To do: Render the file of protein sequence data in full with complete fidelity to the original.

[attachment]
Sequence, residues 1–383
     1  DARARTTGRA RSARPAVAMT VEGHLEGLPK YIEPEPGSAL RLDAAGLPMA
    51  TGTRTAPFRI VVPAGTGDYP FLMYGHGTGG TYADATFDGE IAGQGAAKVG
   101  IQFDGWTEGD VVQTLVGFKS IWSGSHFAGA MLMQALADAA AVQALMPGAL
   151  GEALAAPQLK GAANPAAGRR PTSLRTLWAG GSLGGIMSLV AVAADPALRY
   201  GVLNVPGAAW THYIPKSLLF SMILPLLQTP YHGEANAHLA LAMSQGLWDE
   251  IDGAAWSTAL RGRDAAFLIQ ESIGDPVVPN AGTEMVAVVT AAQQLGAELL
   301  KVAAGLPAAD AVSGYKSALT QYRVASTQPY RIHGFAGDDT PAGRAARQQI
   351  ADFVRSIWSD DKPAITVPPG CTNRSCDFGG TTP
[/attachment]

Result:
Sequence, residues 1–383
     1  DARARTTGRA RSARPAVAMT VEGHLEGLPK YIEPEPGSAL RLDAAGLPMA
    51  TGTRTAPFRI VVPAGTGDYP FLMYGHGTGG TYADATFDGE IAGQGAAKVG
   101  IQFDGWTEGD VVQTLVGFKS IWSGSHFAGA MLMQALADAA AVQALMPGAL
   151  GEALAAPQLK GAANPAAGRR PTSLRTLWAG GSLGGIMSLV AVAADPALRY
   201  GVLNVPGAAW THYIPKSLLF SMILPLLQTP YHGEANAHLA LAMSQGLWDE
   251  IDGAAWSTAL RGRDAAFLIQ ESIGDPVVPN AGTEMVAVVT AAQQLGAELL
   301  KVAAGLPAAD AVSGYKSALT QYRVASTQPY RIHGFAGDDT PAGRAARQQI
   351  ADFVRSIWSD DKPAITVPPG CTNRSCDFGG TTP